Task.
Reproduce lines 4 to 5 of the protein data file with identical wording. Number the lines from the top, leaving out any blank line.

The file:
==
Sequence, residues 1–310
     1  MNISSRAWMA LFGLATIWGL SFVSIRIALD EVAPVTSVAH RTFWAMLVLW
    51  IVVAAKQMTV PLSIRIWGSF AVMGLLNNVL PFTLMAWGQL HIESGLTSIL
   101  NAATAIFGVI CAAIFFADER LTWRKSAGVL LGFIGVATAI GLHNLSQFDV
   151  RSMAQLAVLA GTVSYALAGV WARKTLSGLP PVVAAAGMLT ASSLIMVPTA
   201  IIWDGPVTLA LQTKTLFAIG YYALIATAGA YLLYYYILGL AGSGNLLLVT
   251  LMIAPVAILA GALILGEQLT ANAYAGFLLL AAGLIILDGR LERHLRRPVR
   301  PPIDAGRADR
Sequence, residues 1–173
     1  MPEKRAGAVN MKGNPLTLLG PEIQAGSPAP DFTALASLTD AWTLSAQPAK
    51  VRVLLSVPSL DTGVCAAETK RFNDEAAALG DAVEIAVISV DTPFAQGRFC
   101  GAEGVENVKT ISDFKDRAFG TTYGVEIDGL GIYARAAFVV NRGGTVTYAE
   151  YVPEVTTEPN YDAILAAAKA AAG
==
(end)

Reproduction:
   101  NAATAIFGVI CAAIFFADER LTWRKSAGVL LGFIGVATAI GLHNLSQFDV
   151  RSMAQLAVLA GTVSYALAGV WARKTLSGLP PVVAAAGMLT ASSLIMVPTA